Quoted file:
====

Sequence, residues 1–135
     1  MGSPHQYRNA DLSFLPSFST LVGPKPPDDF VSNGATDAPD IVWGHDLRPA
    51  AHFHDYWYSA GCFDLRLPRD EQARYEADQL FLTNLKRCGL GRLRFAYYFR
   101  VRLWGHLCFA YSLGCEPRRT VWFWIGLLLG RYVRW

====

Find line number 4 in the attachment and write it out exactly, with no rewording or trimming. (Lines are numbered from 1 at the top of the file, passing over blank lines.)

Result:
   101  VRLWGHLCFA YSLGCEPRRT VWFWIGLLLG RYVRW